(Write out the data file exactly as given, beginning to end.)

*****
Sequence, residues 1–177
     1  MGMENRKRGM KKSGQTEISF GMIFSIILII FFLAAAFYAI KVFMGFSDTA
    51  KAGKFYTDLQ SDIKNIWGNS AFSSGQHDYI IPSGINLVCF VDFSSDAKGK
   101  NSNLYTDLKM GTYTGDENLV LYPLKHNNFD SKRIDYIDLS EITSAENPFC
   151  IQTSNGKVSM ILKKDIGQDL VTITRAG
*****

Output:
Sequence, residues 1–177
     1  MGMENRKRGM KKSGQTEISF GMIFSIILII FFLAAAFYAI KVFMGFSDTA
    51  KAGKFYTDLQ SDIKNIWGNS AFSSGQHDYI IPSGINLVCF VDFSSDAKGK
   101  NSNLYTDLKM GTYTGDENLV LYPLKHNNFD SKRIDYIDLS EITSAENPFC
   151  IQTSNGKVSM ILKKDIGQDL VTITRAG